And if you play online, your goal is to drive them to your website and stick around awhile while you motivate them with your content. Eventually, they’ll sign up for your newsletter, or use a form to connect with your sales staff.
That process – if you really work on it – is what SEO is all about.
When you optimize a page with your keywords, write blog content, or even purchase a Google ad, it’s all to drive traffic to your site. More traffic increases your chances of sales. The more you optimize, the more business you’ll have. It’s a strategy that keeps working the more you work at it.
But eventually, you’ll dive deeper. Your basic keywords won’t be enough. You’ll start to look deeper into what makes people buy. That’s where search intent begins.
Search intent asks the question: why. Why are people searching in the first place? What does their search mean? What are they searching for? What kind of answers are they looking for? Are they searching for specifics? Do they want something that isn’t included in the phrase they type in?
That’s how search intent came to be. Google recognized that people type in different words and phrases depending on the results they were looking for. They’d type, type again, refine their words until they got to where they wanted to be.
And since Google wants to deliver the pages that fit a search result best, they focus in on this process. Does their ranked results give you exactly what you’re looking for?
When people search, they type words or phrases into the search engine bar to pull up results. They come in three distinct types.
- Navigational – this is a query that is typed in with the intent of finding a particular site or page. For example, if you’re looking for a YouTube video, you may type that along with specifics of the video you are looking for. Facebook and YouTube are the top ranked search terms in the navigational search type.
- Informational – this is where people are looking for information, not a specific site. This is where single words are often the starting point – golf, trucks, vacation – and they quickly refine from there. They want to learn, explore, or simply be entertained.
- Transactional – this is where people are intent on completing a transaction – they have a goal in mind. They may type in brands or product names – 2019 Toyota RAV4. Or they may stick with something more generic – teapot. The intent is clear. If they type in “best Italian restaurant Portland”, it’s pretty obvious they are looking for a place to go for dinner.
They can also further expectations depending on what they type within their search queries. When they add words like buy, coupon, deal, or discount, the focus of their intent goes up.
Most marketers look at the three types of search intent and immediately head to the transactional as their focus. After all, the entire purpose of being in business is to complete the sale. Why not target people that make that the sole purpose of their search?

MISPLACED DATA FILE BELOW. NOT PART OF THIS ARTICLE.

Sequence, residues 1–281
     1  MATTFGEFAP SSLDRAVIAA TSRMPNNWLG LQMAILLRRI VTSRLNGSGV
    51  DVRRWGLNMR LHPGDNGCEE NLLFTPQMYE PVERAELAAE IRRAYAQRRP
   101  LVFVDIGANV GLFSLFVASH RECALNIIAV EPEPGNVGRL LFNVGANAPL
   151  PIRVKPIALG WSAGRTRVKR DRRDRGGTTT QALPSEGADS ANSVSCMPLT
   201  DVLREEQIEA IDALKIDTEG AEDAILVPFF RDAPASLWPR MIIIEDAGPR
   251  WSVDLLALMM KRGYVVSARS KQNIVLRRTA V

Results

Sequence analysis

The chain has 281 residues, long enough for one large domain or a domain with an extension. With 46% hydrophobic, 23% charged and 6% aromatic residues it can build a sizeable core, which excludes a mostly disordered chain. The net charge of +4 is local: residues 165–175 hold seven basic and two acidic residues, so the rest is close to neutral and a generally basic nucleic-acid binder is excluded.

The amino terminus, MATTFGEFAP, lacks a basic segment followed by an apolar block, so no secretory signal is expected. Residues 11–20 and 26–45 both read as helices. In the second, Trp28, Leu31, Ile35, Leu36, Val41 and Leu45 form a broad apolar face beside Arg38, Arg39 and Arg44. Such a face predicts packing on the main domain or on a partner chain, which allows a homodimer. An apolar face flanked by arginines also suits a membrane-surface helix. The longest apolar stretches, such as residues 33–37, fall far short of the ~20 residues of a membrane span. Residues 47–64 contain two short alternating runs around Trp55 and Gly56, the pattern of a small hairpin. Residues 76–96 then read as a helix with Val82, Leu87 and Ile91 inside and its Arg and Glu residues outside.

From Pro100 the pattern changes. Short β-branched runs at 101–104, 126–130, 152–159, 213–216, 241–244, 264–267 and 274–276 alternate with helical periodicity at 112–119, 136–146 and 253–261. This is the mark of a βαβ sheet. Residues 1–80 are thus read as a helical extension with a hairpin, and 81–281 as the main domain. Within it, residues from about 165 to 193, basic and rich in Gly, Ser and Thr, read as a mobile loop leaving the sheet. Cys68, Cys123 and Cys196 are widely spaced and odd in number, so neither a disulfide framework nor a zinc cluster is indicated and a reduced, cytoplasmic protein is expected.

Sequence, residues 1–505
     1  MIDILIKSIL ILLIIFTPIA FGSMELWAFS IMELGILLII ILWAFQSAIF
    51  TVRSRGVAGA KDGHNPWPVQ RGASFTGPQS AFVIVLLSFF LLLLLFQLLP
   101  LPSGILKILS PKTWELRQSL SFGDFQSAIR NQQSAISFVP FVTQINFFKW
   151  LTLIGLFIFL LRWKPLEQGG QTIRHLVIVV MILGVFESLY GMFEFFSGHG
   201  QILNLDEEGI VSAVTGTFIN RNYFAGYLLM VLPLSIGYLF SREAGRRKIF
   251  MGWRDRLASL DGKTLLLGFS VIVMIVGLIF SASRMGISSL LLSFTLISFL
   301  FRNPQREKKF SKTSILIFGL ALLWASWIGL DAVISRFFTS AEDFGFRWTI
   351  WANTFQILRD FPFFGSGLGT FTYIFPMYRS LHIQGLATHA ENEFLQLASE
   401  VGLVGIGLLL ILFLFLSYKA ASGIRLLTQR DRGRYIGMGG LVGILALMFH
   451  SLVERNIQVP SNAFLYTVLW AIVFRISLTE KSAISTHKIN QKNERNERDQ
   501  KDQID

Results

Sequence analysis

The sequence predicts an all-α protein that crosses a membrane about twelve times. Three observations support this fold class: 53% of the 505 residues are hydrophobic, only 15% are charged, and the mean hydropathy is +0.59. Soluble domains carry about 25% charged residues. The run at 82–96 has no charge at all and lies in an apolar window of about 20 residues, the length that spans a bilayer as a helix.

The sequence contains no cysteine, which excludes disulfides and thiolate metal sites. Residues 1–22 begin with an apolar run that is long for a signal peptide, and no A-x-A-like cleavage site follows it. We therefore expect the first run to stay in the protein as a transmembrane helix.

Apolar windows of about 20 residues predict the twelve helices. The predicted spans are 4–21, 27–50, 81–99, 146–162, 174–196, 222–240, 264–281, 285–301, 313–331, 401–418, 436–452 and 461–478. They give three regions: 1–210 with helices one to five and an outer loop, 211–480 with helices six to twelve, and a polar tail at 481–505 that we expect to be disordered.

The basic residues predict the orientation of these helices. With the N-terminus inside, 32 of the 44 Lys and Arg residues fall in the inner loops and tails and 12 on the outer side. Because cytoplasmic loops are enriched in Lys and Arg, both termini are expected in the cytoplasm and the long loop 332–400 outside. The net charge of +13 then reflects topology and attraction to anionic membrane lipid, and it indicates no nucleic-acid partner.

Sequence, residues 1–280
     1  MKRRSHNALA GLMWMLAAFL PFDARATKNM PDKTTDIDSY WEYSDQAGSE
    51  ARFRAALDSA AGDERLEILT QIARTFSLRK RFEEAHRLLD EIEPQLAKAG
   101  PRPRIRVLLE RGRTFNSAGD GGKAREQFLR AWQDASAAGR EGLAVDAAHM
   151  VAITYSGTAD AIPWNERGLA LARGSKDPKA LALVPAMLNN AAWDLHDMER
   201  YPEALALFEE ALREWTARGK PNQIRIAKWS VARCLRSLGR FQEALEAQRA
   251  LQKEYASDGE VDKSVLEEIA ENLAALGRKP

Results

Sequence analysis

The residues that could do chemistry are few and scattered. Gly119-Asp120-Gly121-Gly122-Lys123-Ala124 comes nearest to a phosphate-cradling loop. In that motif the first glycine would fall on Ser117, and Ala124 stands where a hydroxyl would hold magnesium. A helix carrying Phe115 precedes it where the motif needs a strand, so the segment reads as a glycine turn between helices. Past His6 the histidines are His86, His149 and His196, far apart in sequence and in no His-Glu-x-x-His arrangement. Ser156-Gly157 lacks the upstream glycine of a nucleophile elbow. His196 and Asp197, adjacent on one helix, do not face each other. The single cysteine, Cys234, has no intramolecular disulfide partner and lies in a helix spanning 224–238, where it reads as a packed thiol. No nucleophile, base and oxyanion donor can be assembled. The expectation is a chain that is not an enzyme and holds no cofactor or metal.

While that might work in the beginning, smart marketers realize there is an evolutionary process to the purchase process. Customers come in many different ways.
Just because someone isn’t ready to buy, doesn’t make them any less important. Someone can be your raving fan and not make a purchase from you … today. They may have different needs, but they LOVE what you do. And so they tell their mother/brother/best friend all about you.
That’s why it’s important to give your SEO strategy a full circle approach. That’s why it’s important to ensure you have all kinds of content online, to give people a variety of ways to connect up with you.
Navigational queries have true intent. Someone knows your products, services, or company name, and are looking specifically for you. Even the smallest of companies have raving fans. And if someone remembers even a sliver of who you are and what you do, it’s important to come up in those queries so those searchers can find you.
Google recognizes that when you’re specific, you have a definitive answer in mind. So it wants to give you exactly what you’re looking for. It’s even gone to the point of reducing the results from its standard of ten results down to seven on the first page. If you have specific content, it’s best to play that up and create specifics just for those brands and terms.
Informational queries are one of the hardest categories to play in because intent is vague at best. But that doesn’t mean you shouldn’t be working to fill it with quality information. Wikipedia is an expert in this field. Yet it still leaves a lot to be desired when it comes to giving people exactly what they want. Which is where you come in. This is where you can become an expert in your own field.
- Write blog posts filled with high quality content. It’s a perfect way to provide useful information to your prospects and customers to help push them to the next level.
- How about creating how-to videos? This can be perfect in service businesses where a lot of your clients start out in DIY mode before calling in for help. Think plumbing. Think remodeling.
- Step by step guides are also a perfect thing to build into your site. This gives your readers a reason to trust what you have to say.
- And don’t forget infographics. It’s one of the easiest ways to go viral depending on what you have to say.
Transactional queries are the bread and butter of business. This is where your highest ROI comes into play.
This is where you can make a lot of money using Google AdWords. By ranking well under the terms people are typing into the Google bar, you can pay to be at the top of the list. The more you learn how well this works for your business, the more you’ll use it as a top strategy in your marketing plan. It’s a very cost-effective way to drive traffic and sales to your website.
So what’s your strategy? How well does search intent play in the way you market your business online? If you have any questions about building this into your online marketing plan, let us know.